“Oh, climbing, cool”, I thought, when I first found out about the new vertical versatility of The Legend of Zelda: Breath of the Wild. “That’ll mean a few new hidden things and less faff dealing with walls”. Then I went back about my usual business of ogling seemingly more exciting things, like the bigger than standard open-world, and the apparently more freeform game structure. I suspect a lot of us did the same. Because climbing, right? It’s not exactly a new thing in action games, and it was hardly going to be the centrepiece of something as specific and complex – yet traditionally rigid - as a Zelda game.
Turns out I was all kinds of wrong about that. And thank God I was.
Because Breath of the Wild isn’t just a bigger, shiner Zelda with a few new tricks. It’s a radical, wonderful, endlessly mind-boggling reworking of Nintendo’s 31 year-old fantasy adventure concept. The ironic thing about Zelda is that as the years had gone on, and the core format became increasingly standardised, it turned into an adventure series without the adventure. An excellent action/puzzle series, but ones whose formula for the overall journey became so tried and true as to veto the potential for much exploration, discovery, or many genuine surprises.
Breath of the Wild is the opposite of that. Having sunk a week into it now, it’s in hindsight very apparent indeed that the visual similarity between the game’s opening vista and the first Zelda’s original NES box art is no coincidence. With its unfathomably vast scale, entirely freeform structure, ‘Go anywhere, do anything’ philosophy, and constantly unfurling, player-led reveals of new sights, new places, and new ways of interpreting its world, The Legend of Zelda: Breath of the Wild feels like every bit the intentional realisation of that at-the-time-impossible 1986 promise. And the more I play it, the more I realise that it couldn’t have achieved any of that without the climbing.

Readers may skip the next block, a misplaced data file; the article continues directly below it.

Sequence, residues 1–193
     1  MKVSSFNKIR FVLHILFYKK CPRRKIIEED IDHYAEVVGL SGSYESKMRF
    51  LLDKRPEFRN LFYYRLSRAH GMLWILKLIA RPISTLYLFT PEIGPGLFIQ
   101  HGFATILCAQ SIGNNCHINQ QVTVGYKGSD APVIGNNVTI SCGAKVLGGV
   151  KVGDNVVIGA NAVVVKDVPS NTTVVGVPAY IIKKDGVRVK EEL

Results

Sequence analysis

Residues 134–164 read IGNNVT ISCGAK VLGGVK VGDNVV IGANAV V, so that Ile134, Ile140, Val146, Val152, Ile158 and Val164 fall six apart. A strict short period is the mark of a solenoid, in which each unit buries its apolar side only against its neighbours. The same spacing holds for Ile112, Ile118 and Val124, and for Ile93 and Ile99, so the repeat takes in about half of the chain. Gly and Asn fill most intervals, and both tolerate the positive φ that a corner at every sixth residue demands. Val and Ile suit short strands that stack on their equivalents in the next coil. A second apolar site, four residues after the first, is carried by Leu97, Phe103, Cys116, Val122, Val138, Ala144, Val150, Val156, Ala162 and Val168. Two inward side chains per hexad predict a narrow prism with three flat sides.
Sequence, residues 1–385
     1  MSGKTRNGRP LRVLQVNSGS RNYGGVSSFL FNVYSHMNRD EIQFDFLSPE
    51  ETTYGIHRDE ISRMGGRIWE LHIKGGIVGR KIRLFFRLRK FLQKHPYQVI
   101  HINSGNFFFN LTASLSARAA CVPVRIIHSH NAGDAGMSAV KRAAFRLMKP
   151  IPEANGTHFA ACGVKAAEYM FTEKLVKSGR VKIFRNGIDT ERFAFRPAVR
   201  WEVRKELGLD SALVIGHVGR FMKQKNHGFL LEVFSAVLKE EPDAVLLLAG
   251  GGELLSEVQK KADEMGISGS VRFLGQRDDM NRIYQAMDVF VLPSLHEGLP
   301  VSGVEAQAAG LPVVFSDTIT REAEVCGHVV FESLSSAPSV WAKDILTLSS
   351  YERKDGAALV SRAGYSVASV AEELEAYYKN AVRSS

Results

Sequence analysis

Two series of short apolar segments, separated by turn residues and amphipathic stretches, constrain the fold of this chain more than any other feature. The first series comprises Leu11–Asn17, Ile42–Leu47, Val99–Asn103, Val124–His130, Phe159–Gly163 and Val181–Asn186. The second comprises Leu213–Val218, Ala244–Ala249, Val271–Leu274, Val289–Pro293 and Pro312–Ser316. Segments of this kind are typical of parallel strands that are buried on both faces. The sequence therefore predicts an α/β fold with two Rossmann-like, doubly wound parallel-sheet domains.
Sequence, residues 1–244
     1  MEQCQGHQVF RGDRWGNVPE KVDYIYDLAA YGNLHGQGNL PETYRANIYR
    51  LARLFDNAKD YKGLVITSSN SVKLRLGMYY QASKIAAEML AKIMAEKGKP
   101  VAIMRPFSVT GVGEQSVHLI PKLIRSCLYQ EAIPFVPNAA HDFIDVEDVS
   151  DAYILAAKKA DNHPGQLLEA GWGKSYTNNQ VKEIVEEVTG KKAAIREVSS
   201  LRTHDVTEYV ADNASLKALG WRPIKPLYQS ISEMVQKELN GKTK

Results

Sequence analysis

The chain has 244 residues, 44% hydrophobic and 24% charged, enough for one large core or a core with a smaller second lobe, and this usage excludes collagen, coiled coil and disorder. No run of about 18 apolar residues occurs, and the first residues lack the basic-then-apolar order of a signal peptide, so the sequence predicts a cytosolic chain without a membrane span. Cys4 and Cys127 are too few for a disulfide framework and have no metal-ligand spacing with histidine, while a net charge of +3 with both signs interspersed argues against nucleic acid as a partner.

Breath of the Wild’s exploration – and thus, the entire essence of the game built around it – is utterly different to not only that in any other Zelda game, but also that in any other open-world game around. While you can go off-road and discover secrets and oddities in Grand Theft Auto, its worlds are defined by the fact that there are roads in the first place, defined, rigid, suggested routes wrapped around an approximation of the real world with all its civilised trappings. The Witcher 3’s horse travel and rudimentary mantling gives you freedom to go pretty much wherever you want, but in order to remain navigable by those relatively mundane means, its topography stays relatively, naturalistically straightforward. Far Cry and Skyrim have hills and mountains galore, but these are again designed for slow, realistic, restrictive ascent, glitchy horse-exploits aside.
These interplays between game systems and the kind of traversal they allow define the shapes of their worlds, and thus the kinds of emotional experiences they can deliver through the exploration of those worlds. All work very well within their own context, but Breath of the Wild wants to create something very different. Breath of the Wild, with its minimal guidance, experimental, player-driven gameplay sandbox, and overall air of ‘Anything can happen’ wants to create a real, amplified sense of pure adventure into the unknown.
It wants its every journey to be punctuated by a constant stream of freeform discoveries, in order to deliver the pure essence of exploration in an exaggerated, constantly exciting form. And it understands that to do this, it has to make the player as self-reliant as possible, reducing and removing as much of the guidance, auto-mapping, and sense of safety-by-icon-overload that typifies most modern open-worlders. It’s a game about fending for yourself, finding your own approach to everything you do, and making the entire journey your own. And it could not deliver any of that in the way that it does without the climbing system.